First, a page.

Recombinant Human Adenylate Kinase 1 / AK1 Protein (His Tag)

Beta LifeScience SKU/CAT #: BLPSN-0091

Recombinant Human Adenylate Kinase 1 / AK1 Protein (His Tag)

Beta LifeScience SKU/CAT #: BLPSN-0091
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Product Overview

Tag His
Host Species Human
Accession AAH01116.1
Synonym HTL-S-58j
Background The adenylate kinase (AK) isoforms network plays an important role in the intracellular energy transfer processes, the maintenance of energy homeostasis, and it is a major player in AMP metabolic signaling circuits in some highly-differentiated cells. Three other biomarkers (AK1, CLIC1, and SOD1) were significantly increased in both adenoma and early colorectal cancer patient plasma samples and in plasma from colorectal cancer mouse models at preclinical stages compared with controls.Which can contribute to the detection of early-stage colorectal cancer and adenomas.
Description A DNA sequence encoding the human AK1 (AAH01116.1) (Met 1-Lys 194) was expressed, with a His tag at the N-terminus.
Source E.coli
Predicted N Terminal Met
AA Sequence Met 1-Lys 194
Molecular Weight The recombinant human AK1 consisting of 209 a.a. and has a calculated molecular mass of 23.5 kDa. It migrates as an approximately 25 kDa band in SDS-PAGE under reducing conditions.
Purity >90% as determined by SDS-PAGE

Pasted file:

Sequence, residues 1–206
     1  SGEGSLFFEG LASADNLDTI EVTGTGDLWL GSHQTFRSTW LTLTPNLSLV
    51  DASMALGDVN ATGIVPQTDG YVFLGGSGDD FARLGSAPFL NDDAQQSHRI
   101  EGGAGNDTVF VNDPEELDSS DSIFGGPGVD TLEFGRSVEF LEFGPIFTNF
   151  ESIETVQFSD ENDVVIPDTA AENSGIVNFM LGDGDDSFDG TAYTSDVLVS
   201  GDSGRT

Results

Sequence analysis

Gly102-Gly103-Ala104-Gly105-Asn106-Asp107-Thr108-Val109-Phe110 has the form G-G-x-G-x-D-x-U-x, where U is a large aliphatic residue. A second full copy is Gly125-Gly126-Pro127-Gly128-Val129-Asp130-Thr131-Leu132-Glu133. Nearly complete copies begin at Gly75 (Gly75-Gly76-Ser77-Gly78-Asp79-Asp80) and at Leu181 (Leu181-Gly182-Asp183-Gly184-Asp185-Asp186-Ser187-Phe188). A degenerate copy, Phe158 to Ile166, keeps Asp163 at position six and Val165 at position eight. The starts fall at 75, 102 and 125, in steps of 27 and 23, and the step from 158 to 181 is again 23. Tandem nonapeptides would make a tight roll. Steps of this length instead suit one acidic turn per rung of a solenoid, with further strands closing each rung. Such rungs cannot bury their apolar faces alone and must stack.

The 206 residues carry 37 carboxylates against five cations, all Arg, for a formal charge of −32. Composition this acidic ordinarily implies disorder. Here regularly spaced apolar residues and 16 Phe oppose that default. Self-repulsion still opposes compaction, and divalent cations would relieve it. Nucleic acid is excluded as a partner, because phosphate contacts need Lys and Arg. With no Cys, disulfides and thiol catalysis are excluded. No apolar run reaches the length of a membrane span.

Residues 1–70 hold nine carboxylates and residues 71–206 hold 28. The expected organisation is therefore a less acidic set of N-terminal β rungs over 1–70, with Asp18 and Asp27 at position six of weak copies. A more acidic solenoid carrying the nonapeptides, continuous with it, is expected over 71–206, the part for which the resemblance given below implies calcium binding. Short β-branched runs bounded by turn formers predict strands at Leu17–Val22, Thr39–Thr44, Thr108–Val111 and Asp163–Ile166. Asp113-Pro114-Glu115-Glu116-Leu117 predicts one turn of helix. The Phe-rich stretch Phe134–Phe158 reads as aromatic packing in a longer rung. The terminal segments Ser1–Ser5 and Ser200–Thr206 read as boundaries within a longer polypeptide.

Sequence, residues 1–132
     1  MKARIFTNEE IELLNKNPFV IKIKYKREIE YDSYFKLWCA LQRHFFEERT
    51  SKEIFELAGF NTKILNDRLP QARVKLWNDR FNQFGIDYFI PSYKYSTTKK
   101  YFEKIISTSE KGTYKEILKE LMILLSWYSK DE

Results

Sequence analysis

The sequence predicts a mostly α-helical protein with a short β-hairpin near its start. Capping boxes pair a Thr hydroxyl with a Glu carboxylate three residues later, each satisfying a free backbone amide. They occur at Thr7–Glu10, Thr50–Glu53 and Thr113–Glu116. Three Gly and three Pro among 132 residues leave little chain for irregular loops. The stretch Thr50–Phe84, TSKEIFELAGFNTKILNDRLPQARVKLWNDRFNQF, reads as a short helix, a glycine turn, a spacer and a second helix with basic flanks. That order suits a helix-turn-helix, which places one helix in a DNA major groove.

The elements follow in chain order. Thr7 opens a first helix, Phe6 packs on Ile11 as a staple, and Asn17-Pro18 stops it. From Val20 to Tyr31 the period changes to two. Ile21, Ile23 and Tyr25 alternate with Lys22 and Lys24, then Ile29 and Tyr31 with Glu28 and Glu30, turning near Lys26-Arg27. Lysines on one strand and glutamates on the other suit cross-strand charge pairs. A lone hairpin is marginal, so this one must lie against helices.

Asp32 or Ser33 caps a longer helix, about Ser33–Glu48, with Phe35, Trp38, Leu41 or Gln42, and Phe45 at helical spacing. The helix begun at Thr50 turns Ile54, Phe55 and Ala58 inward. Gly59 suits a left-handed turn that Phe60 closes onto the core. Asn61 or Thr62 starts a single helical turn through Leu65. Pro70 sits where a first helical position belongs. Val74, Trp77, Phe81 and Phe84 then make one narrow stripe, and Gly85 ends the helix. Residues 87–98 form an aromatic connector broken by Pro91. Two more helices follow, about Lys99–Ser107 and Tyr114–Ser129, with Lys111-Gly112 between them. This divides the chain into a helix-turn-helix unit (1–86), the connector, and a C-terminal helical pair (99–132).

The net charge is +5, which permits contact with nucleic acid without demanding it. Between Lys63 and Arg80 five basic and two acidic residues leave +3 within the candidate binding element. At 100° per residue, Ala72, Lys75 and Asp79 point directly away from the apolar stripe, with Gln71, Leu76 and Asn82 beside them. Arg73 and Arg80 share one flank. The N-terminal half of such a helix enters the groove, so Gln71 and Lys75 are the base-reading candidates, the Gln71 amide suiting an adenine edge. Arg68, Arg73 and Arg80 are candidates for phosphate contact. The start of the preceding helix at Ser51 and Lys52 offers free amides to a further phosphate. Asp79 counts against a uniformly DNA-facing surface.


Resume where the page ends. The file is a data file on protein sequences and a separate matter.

Endotoxin Please contact us for more information.
Formulation Supplied as sterile PBS, 10% glycerol, pH 7.5.
Stability The recombinant proteins are stable for up to 1 year from date of receipt at -70°C.
Usage For Research Use Only
Storage Store the protein under sterile conditions at -20°C to -80°C. It is recommended that the protein be aliquoted for optimal storage. Avoid repeated freeze-thaw cycles.

Target Details

Target Function Catalyzes the reversible transfer of the terminal phosphate group between ATP and AMP. Also displays broad nucleoside diphosphate kinase activity. Plays an important role in cellular energy homeostasis and in adenine nucleotide metabolism.
Subcellular Location Cytoplasm.
Protein Families Adenylate kinase family, AK1 subfamily
Database References
Associated Diseases Hemolytic anemia due to adenylate kinase deficiency (HAAKD)

Gene Functions References

  1. Studies indicate that the preferred substrate and phosphate donor of all adenylate kinases are AMP and ATP respectively. PMID: 24495878
  2. Dysregulation of AMPK is both a pathogenic factor for these disorders in humans and a target for their prevention and therapy. [Review] PMID: 23863634
  3. Ak(1)2-1 phenotype is more frequent in males conceived in the summer-autumn period than in those conceived in winter-spring, and this association depends on maternal Ak(1) phenotype. PMID: 23146316
  4. identified hitherto unrecognized soluble forms of AK1 and NTPDase1/CD39 that contribute in the active cycling between the principal platelet-recruiting agent ADP and other circulating nucleotides PMID: 22637533
  5. Data indicate that the neuronal adenylate kinase-1 (AK1) is induced by Abeta(42) to increase abnormal tau phosphorylation via AMPK-GSK3beta and contributes to tau-mediated neurodegeneration. PMID: 22419736